Course reps here are framed as “moderators”, who along with external stakeholders, alumni and industry experts, help to develop four year quality reports for each programme that are then published for students. It’s a richer and more productive approach than the SU trying to sum up the student experience for the whole university in 10 pages – as is happening now in England.
One of the things that’s particularly impressive about the SU is its work on study costs. Take out the need to “sell” the university in a much less marketised system, and it opens the door to a joining university-SU project aimed at keeping studying as affordable as possible for every student, as well as giving prospective students a realistic view on the cost of their studies. Every year students keep diaries on their purchase of education related stuff – books, materials, study trips or even travel costs to placements – and the results generate pressure on programme committees to keep costs down.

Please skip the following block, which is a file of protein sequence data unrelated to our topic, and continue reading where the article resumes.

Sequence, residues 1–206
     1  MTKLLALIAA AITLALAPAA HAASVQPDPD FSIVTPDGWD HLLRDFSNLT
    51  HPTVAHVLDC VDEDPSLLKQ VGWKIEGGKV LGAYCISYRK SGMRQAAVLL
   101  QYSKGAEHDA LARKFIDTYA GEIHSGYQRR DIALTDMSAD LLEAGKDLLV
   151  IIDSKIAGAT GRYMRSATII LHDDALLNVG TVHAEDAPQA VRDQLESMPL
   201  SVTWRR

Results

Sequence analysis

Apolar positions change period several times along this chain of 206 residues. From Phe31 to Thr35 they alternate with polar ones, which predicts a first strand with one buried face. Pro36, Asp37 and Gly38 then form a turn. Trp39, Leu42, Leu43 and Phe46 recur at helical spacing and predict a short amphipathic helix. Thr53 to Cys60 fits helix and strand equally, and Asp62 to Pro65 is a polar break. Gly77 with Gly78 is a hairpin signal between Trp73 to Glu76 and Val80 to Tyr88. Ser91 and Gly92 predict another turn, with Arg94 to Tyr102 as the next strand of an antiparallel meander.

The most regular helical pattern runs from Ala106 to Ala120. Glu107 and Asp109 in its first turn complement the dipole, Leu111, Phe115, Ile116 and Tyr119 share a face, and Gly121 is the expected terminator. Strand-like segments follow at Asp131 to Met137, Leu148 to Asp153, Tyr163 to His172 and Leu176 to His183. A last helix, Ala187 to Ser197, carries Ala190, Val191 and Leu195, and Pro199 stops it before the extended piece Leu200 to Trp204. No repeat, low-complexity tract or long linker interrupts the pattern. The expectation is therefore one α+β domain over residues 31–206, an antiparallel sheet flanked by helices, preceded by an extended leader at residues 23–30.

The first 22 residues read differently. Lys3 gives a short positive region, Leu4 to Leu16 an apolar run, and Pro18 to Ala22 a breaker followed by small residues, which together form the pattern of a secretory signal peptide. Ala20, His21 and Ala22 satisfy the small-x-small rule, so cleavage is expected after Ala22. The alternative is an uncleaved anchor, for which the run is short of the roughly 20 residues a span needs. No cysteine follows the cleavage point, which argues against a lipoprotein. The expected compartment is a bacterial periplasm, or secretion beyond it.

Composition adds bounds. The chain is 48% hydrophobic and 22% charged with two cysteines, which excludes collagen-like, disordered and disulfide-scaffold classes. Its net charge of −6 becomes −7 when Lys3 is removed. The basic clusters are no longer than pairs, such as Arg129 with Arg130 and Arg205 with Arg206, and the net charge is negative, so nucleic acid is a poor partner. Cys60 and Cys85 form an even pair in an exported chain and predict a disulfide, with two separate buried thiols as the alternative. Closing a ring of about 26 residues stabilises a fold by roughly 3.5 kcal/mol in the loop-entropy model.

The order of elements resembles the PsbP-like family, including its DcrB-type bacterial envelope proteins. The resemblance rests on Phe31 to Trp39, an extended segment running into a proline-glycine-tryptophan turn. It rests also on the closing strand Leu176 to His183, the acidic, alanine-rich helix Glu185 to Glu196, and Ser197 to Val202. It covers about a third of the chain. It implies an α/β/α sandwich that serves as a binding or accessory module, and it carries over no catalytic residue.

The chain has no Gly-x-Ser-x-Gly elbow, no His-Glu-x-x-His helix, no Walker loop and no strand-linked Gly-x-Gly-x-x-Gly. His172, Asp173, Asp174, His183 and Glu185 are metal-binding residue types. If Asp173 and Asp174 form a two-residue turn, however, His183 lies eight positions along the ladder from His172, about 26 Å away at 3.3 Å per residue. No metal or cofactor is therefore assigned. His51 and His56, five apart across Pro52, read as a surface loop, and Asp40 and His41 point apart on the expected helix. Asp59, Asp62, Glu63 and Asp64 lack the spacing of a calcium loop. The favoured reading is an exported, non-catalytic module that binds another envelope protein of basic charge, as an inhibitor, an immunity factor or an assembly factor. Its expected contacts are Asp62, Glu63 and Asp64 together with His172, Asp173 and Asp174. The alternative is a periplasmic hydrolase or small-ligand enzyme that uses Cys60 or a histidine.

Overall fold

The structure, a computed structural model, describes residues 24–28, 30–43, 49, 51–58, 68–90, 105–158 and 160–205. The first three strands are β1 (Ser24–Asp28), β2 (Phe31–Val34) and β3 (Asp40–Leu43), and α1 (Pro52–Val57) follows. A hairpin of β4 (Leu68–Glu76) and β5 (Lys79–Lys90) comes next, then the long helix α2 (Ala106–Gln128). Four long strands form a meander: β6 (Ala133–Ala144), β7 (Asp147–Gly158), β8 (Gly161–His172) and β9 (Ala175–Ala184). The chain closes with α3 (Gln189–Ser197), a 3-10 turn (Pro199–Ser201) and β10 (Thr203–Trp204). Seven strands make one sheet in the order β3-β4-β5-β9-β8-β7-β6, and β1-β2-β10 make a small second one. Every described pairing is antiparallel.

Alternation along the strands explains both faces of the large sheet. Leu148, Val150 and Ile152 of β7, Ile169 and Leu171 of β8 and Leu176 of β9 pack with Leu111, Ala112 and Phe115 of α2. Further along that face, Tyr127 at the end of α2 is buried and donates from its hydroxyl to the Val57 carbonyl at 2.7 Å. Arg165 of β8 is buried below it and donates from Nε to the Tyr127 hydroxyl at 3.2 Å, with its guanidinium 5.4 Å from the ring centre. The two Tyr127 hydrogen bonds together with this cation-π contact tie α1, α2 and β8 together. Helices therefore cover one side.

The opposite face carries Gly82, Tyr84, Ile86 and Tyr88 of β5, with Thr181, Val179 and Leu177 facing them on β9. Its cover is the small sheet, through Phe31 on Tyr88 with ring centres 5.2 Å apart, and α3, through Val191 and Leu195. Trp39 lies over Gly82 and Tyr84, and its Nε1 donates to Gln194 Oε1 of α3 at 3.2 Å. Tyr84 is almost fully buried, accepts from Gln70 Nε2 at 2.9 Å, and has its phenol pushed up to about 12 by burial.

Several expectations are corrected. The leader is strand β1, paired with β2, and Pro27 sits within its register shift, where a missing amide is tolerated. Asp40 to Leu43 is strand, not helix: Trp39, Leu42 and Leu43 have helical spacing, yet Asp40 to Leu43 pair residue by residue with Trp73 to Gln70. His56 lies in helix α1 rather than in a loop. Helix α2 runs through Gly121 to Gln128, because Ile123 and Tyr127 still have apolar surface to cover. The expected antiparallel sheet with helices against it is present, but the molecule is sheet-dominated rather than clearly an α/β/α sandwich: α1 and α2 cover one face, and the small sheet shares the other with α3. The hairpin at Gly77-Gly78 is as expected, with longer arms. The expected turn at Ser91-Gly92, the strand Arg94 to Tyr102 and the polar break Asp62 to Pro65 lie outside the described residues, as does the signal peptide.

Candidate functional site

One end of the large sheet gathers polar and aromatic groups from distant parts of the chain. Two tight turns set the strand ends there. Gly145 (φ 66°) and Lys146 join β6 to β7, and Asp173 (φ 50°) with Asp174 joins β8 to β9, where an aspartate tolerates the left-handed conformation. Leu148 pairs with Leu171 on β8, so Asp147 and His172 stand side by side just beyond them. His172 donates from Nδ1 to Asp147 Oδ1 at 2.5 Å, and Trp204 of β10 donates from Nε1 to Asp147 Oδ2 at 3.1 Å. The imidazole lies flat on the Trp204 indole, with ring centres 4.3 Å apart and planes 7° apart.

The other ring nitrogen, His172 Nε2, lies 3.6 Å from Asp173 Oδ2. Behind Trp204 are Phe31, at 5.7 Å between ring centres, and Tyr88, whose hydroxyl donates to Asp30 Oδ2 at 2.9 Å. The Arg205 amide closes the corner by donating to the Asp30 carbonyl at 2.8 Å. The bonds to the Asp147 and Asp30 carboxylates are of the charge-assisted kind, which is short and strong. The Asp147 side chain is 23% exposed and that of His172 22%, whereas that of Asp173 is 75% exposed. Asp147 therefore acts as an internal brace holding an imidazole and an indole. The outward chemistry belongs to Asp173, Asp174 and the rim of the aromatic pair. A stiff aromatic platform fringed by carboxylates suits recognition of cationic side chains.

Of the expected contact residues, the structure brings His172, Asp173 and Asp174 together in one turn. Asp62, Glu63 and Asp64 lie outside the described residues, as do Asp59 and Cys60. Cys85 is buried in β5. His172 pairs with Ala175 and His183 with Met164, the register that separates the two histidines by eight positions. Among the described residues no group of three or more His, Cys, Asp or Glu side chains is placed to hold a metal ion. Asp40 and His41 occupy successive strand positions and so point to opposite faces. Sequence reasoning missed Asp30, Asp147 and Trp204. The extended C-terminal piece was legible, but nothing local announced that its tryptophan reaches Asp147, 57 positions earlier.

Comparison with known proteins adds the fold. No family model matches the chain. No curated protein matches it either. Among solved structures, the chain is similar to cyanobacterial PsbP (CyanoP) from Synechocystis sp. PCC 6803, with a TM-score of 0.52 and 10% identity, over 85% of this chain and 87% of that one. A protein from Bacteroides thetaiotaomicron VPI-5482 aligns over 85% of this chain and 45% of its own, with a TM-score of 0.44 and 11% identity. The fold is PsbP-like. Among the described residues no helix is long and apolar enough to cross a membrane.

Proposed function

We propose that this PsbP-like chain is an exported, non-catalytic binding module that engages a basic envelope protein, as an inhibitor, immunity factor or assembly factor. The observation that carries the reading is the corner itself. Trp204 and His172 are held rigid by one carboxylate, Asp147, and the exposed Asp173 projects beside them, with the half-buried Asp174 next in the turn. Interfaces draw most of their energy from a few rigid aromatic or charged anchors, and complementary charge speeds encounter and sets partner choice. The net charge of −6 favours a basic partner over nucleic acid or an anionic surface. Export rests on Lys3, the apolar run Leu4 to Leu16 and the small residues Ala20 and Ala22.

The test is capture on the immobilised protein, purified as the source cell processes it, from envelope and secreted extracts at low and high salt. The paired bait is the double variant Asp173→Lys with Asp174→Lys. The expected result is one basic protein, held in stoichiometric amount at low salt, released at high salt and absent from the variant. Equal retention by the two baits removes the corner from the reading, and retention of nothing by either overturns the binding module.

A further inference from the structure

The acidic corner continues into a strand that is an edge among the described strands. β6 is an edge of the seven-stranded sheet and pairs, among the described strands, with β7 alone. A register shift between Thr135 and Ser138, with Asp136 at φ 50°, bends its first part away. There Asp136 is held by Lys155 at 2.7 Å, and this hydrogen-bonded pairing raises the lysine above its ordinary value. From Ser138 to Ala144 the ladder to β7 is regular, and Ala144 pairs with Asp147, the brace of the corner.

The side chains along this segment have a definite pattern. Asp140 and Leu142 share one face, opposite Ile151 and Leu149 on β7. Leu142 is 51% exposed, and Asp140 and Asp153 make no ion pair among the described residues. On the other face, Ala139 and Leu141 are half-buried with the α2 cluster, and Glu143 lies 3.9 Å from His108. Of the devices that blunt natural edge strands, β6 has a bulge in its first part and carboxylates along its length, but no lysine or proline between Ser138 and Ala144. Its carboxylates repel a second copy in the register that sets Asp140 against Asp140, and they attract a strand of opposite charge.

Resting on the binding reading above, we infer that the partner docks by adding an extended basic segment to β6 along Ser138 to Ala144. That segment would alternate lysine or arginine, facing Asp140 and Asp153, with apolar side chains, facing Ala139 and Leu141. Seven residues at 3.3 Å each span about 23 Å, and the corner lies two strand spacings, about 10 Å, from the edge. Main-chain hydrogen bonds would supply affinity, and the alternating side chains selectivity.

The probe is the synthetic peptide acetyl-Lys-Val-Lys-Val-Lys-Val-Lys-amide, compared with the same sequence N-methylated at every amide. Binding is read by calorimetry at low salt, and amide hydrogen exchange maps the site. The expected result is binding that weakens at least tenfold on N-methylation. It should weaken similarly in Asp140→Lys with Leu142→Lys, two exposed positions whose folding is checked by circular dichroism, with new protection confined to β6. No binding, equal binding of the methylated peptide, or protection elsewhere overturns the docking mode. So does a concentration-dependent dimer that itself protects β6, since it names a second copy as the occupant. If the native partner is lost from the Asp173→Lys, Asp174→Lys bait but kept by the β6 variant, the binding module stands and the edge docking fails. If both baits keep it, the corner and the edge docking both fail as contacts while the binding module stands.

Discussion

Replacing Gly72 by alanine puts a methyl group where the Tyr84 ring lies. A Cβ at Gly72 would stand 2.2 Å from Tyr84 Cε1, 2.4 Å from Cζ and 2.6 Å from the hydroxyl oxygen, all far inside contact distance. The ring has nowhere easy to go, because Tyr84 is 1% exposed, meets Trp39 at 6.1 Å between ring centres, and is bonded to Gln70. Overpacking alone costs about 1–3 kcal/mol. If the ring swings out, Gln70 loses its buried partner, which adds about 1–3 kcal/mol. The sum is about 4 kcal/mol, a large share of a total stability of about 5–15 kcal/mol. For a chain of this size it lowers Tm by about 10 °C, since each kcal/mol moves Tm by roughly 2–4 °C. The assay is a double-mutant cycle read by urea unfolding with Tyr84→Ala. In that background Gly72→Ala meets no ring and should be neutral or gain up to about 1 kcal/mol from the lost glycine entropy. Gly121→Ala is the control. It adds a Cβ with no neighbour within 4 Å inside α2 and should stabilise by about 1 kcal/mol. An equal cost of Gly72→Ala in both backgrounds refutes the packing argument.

With this many students around the city, student housing is naturally something of a worry – but various schemes make things more straightforward for students. LOKO, the separate SU for the city (encompassing other HE providers’ students), the universities and the local council have collaborated on their Kotlabel scheme – where a plaque on the façade of a building means that rooms meet specified (and higher than legal minimum) standards for living quality, fire safety, contract fairness and student friendliness.
And when students struggle to get their deposits back, or end up in other legal disputes with their landlord, the SU’s housing service has enough funding and capacity from the university to launch the legal cases that individual students could never afford to mount – acting as a tenant’s union.